The long-awaited 800-page report on the Cologne diocese found 202 perpetrators of sexual assault and 314 victims between 1975 and 2018, most of them under the age of 14, the attorney mandated by the Church, Björn Gercke, told reporters.
“More than half of the victims were children under the age of 14,” Gercke said.
However the investigation cleared Cologne’s Archbishop Rainer Maria Woelki, a conservative who has long resisted Church reform efforts, of “breach of duty” regarding abuse within the Church.
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Woelki had faced a months-long firestorm of protest for refusing to allow the publication of an earlier study on abuse committed by priests in his diocese.
He had justified his decision by citing a right to privacy of the alleged perpetrators accused in the report, carried out by a Munich law firm, and what he called a lack of independence on the part of some researchers.
His approach was branded “a disaster” as recently as late February by Georg Bätzing, president of the German bishops’ conference, in a blistering public statement.
Woelki said in early March he would immediately “temporarily suspend, if necessary, people cited in the report” before taking more concrete measures to address its findings next week.
And he expressed willingness to throw his weight behind an honest accounting of crimes committed within the Church. “Only the truth can set us free from the shadows of the past,” he said.
Woelki was due to make a statement later Thursday.
A study commissioned by the German Bishops’ Conference and released in 2018 showed that 1,670 clergymen had committed some type of sexual attack against 3,677 minors, mostly boys, between 1946 and 2014.
However its authors said the actual number of victims was almost certainly much higher.
The revelations, which mirror paedophile scandals in countries including Australia, Chile, France, Ireland and the United States, prompted Cardinal Reinhard Marx, a prominent reformer, to apologise on behalf of the German Catholic Church.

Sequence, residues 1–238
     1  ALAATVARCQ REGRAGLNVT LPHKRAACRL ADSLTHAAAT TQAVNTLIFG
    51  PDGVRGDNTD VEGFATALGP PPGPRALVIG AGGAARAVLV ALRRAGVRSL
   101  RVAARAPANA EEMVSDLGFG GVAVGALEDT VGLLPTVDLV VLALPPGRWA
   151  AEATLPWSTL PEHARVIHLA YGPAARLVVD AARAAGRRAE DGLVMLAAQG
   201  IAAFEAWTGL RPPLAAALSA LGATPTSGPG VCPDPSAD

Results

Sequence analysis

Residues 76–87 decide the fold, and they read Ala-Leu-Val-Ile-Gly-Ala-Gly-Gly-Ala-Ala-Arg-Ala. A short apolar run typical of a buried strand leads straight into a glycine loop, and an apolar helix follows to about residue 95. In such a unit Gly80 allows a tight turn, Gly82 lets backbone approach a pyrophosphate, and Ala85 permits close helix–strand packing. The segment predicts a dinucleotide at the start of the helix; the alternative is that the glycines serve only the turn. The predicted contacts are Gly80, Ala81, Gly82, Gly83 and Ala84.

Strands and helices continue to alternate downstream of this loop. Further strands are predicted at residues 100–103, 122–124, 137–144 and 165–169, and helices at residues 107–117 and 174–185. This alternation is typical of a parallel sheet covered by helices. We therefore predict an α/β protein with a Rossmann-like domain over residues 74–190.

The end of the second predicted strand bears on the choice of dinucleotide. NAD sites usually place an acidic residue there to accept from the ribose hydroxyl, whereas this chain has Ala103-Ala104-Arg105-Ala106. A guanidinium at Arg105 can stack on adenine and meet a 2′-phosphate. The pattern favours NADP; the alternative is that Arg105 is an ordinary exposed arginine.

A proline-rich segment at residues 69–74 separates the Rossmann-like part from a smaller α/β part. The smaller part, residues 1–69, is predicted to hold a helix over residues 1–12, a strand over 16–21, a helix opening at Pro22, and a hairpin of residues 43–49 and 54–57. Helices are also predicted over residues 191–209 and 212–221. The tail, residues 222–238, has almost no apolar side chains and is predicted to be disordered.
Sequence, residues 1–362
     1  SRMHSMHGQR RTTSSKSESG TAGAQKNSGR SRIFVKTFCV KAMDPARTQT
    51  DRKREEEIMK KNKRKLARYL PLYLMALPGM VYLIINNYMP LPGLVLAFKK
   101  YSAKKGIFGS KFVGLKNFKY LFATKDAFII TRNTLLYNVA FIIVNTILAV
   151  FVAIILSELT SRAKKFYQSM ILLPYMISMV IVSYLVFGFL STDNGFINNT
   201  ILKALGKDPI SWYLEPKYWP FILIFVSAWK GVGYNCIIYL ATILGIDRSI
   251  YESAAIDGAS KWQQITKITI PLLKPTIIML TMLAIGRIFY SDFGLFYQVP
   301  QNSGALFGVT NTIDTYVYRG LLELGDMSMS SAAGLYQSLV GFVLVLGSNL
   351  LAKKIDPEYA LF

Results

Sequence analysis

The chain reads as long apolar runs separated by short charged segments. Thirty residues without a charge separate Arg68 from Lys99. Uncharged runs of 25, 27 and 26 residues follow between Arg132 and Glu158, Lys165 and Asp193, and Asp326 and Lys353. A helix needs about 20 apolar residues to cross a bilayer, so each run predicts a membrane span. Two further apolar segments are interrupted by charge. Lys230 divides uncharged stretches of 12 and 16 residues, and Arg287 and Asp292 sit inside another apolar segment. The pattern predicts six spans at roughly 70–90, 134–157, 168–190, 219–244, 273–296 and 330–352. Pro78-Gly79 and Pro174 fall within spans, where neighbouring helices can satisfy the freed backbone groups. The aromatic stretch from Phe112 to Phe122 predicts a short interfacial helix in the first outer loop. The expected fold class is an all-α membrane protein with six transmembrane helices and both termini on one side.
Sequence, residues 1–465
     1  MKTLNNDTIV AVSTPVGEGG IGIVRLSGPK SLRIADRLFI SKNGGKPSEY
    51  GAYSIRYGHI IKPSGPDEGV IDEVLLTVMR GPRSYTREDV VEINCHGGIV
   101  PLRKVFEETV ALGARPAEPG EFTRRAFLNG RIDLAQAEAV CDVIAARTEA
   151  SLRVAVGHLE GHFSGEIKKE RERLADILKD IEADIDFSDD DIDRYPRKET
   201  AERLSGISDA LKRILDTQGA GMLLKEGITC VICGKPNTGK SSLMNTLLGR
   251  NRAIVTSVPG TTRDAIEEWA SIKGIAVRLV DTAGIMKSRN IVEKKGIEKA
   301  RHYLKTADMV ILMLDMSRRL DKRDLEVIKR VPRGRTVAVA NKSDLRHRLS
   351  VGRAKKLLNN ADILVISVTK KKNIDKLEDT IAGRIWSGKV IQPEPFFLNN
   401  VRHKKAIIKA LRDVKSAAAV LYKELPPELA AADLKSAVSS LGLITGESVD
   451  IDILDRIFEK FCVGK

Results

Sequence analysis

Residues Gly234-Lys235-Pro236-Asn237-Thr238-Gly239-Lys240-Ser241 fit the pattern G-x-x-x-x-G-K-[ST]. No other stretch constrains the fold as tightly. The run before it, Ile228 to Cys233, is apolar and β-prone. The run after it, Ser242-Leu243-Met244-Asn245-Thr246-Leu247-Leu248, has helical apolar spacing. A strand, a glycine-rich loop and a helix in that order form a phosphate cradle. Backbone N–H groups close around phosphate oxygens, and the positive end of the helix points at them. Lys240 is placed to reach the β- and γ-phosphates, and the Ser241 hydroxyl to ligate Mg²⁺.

The Church currently pays victims an average of €5,000 “in recognition of their suffering”, as well as covering their therapy fees.
Victims have called the sum woefully insufficient.
Meanwhile each diocese in Germany has ordered a separate local investigation into abuse among its ranks.
The scandal in Cologne has sapped energy from efforts to spearhead broader reforms at a time when the Church is losing members, who in Germany pay a tax that goes toward church activities including charity work.
Germany’s Catholic Church, the country’s largest, counted 22.6 million members in 2019, two million fewer than in 2010 when the first major wave of paedophile abuse cases came to light.
Among the reforms on the table, in the face of opposition from Woelki and the pope, are a reevaluation of celibacy in the clergy, married priests and a greater role for laypeople and women in the Church.
In a setback for members calling for greater openness, the Vatican on Monday said the Church does not have the power to bless same-sex unions, declaring it was impossible for God to “bless sin”.
That reaffirmation of a harder line is no accident, said Thomas Sternberg, president of the influential Central Committee of German Catholics, calling it a way for Rome to “disrupt” the German reform drive.